Years ago at the high school where I used to teach we had the chance to invite a working writer to visit and speak with some of our students. So long ago was this that I don’t recall what sort of things he wrote or where they were published. He was trim and fair and came to the occasion in fashionably conservative costume. He struck me as a no-nonsense kind of fellow. I remember being just a little intimidated by him partly because he was accomplished (i.e. published) in a way to which I aspired and partly because of his personal demeanor. At one point in our conversation, a student asked him what to do about writer’s block. Without hesitation, the writer replied, “Lower your standards.”And there it is: diagnosis and treatment in three words.

In my retirement I teach one course a semester at one of the local community colleges. Because many of my students are learning English as they work toward their degrees, I ask them to write every week. I base this approach on the not very sophisticated idea that they’re likely to get better as writers with, and only with, a good deal of practice. Many of the students diligently grind out the papers and over the short time I’m with them, they make some small gains. The gains are small because learning to write, like learning to play French horn, takes time. At the beginning of the course, as a way to forestall the writer’s block to which beginners are especially vulnerable, I offer an instructional set piece. I draw a demon on the board and name him Ed, which is short for Editor. I go on to make the point that this demon resides within all of us and that his job is to veto any composition at all. Sit down before a computer screen or a blank piece of paper and before you’ve written a complete sentence, Ed is sneering at you, insisting that you’re a total moron and that it makes much more sense to go have a sandwich. And he doesn’t quit. He’s always there, always mocking, always sneering, belittling every word you write. He wins when your deadline arrives and you’ve got nothing. My advice to my students is the same as that offered by the visitor in my classroom: Kill the Editor. That’s the same as lowering standards. Get rid of that internal voice that demands perfection.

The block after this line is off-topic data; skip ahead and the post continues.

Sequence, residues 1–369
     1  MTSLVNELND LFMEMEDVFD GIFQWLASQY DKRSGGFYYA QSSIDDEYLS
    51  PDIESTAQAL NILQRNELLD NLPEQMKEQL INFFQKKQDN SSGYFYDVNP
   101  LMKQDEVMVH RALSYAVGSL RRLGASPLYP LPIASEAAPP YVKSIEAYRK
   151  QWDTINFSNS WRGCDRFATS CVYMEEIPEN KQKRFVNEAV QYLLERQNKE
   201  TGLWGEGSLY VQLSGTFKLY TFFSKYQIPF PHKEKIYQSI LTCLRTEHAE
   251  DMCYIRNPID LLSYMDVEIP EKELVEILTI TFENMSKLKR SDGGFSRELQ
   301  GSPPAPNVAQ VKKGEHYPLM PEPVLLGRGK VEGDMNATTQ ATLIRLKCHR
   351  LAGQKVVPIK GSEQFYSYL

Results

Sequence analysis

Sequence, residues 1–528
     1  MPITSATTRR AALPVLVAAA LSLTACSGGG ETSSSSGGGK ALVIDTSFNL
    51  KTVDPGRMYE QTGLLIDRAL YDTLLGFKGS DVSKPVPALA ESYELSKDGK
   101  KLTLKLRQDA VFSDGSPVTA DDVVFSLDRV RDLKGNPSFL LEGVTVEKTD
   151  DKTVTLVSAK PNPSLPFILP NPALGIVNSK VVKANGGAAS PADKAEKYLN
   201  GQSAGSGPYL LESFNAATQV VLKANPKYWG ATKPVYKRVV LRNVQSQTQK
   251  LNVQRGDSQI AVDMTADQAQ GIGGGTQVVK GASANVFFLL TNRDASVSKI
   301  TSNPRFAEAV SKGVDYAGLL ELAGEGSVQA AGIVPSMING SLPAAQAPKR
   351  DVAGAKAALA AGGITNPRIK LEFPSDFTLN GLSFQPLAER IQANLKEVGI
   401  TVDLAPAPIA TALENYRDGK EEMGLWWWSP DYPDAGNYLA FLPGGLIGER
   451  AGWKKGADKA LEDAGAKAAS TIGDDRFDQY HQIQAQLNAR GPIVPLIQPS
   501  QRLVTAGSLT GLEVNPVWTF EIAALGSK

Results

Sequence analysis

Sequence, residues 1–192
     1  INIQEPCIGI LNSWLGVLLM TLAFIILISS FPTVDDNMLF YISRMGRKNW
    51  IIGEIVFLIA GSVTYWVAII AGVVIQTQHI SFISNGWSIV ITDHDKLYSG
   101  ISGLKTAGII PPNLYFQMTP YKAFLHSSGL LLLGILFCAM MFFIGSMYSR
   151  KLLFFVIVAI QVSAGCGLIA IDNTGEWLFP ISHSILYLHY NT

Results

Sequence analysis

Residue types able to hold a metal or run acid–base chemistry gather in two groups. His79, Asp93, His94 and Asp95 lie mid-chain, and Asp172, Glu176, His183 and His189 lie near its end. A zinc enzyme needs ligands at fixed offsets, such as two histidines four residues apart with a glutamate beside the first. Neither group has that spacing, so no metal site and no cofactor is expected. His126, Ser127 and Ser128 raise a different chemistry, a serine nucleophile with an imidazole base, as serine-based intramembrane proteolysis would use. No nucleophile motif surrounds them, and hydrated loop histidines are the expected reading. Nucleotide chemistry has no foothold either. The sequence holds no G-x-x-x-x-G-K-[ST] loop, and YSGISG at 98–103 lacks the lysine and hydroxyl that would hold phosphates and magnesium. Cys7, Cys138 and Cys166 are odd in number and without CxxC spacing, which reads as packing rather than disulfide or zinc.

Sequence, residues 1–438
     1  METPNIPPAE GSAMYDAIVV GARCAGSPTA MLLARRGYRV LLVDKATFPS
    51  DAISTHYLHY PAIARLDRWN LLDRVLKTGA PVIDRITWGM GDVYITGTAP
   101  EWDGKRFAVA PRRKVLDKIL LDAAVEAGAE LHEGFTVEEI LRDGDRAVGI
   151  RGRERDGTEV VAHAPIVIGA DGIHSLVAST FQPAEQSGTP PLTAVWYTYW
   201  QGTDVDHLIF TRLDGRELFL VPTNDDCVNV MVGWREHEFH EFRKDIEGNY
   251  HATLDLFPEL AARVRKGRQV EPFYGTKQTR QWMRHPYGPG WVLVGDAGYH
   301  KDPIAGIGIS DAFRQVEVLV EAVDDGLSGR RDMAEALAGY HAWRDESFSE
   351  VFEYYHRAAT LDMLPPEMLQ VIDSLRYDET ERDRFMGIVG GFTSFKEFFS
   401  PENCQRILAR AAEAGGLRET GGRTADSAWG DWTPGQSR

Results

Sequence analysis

But it’s not easy. The Editor is like one of those terrible villains in horror stories. You plug him; he drops. You think he’s dead, but before you know it, he’s baaack. It’s a constant struggle, one that wastes time and energy.

It’s helpful, when you’re struggling with Ed, to remember that there is no penalty for crappy writing. None. Your fingers don’t fall off. You don’t lose money. Your family still puts up with you. It’s okay to write poorly. It really is okay. You don’t have to show your work to anyone and if you do and they don’t like it, most of the time they don’t say anything because they don’t want to damage your ego. So you don’t even get insulted.

Annie Lamott puts it this way (I paraphrase): Five hundred words and a shitty first draft. Which is another way of saying lower your standards. Lamott’s advice carries the notion that you can fix whatever mess you make, which is true. You can revise and revise and this is especially easy now when most of us write on computers where changes are easily made and do not require tedious hours of typing and retyping as they did in the old days.

My own version of writer’s block strikes most often when I’m maybe ten thousand words into a novel. By then, I’ve got characters and setting fairly well staked out and often the seeds of conflict. The block comes with plot. Something has to happen. I know that, but everything that comes to mind seems “really stupid.” That’s Ed talking. “Dave, this is really stupid. Go have a beer.” Ed can be persuasive. Ed’s idea is that I can the project entirely and start something new—which he can later sabotage. I try not to listen. Instead I muck around with this and that until I lose patience with both Ed and myself and finally one of my characters does something alarming or dangerous: a boy beans a companion in a sandlot baseball game; a husband becomes obsessed with another woman. When I say my “character does something” I mean that I don’t know what’s going to happen as a consequence or where the behavior might lead. I mean that I didn’t make him or her do whatever got done. It happened; they did it. I tagged along. I get myself into uncharted water. I simply push the story forward without a planned idea of where “forward “might take me. That is, I’ve lowered my standards.

Sometimes this works well, other times not so well. But in any case, I’m up and running and I’ve banished Ed to the nether world, at least for a while. Thus far keeping standards low has allowed me to produce eleven books. Whether they are any good is not for me to determine. Some of them can be found here:…